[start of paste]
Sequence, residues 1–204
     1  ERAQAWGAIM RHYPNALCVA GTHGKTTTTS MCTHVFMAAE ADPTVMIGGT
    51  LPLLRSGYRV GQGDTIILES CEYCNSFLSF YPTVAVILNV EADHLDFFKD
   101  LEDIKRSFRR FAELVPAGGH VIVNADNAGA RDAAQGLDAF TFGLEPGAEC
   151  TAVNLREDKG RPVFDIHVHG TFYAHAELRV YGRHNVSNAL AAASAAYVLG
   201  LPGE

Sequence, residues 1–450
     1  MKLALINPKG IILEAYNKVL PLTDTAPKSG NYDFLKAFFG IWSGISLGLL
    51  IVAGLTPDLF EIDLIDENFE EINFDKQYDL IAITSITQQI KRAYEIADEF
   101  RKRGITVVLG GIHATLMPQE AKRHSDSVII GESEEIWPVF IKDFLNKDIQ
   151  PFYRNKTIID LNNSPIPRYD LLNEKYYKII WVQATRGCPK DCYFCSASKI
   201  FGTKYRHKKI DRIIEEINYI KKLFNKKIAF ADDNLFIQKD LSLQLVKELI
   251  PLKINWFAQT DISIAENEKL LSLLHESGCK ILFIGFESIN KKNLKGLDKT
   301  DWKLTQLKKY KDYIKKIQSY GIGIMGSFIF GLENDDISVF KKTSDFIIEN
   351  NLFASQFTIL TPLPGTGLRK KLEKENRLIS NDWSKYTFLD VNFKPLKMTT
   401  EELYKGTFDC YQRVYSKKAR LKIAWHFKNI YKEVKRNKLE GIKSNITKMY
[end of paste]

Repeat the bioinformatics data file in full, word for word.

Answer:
Sequence, residues 1–204
     1  ERAQAWGAIM RHYPNALCVA GTHGKTTTTS MCTHVFMAAE ADPTVMIGGT
    51  LPLLRSGYRV GQGDTIILES CEYCNSFLSF YPTVAVILNV EADHLDFFKD
   101  LEDIKRSFRR FAELVPAGGH VIVNADNAGA RDAAQGLDAF TFGLEPGAEC
   151  TAVNLREDKG RPVFDIHVHG TFYAHAELRV YGRHNVSNAL AAASAAYVLG
   201  LPGE

Sequence, residues 1–450
     1  MKLALINPKG IILEAYNKVL PLTDTAPKSG NYDFLKAFFG IWSGISLGLL
    51  IVAGLTPDLF EIDLIDENFE EINFDKQYDL IAITSITQQI KRAYEIADEF
   101  RKRGITVVLG GIHATLMPQE AKRHSDSVII GESEEIWPVF IKDFLNKDIQ
   151  PFYRNKTIID LNNSPIPRYD LLNEKYYKII WVQATRGCPK DCYFCSASKI
   201  FGTKYRHKKI DRIIEEINYI KKLFNKKIAF ADDNLFIQKD LSLQLVKELI
   251  PLKINWFAQT DISIAENEKL LSLLHESGCK ILFIGFESIN KKNLKGLDKT
   301  DWKLTQLKKY KDYIKKIQSY GIGIMGSFIF GLENDDISVF KKTSDFIIEN
   351  NLFASQFTIL TPLPGTGLRK KLEKENRLIS NDWSKYTFLD VNFKPLKMTT
   401  EELYKGTFDC YQRVYSKKAR LKIAWHFKNI YKEVKRNKLE GIKSNITKMY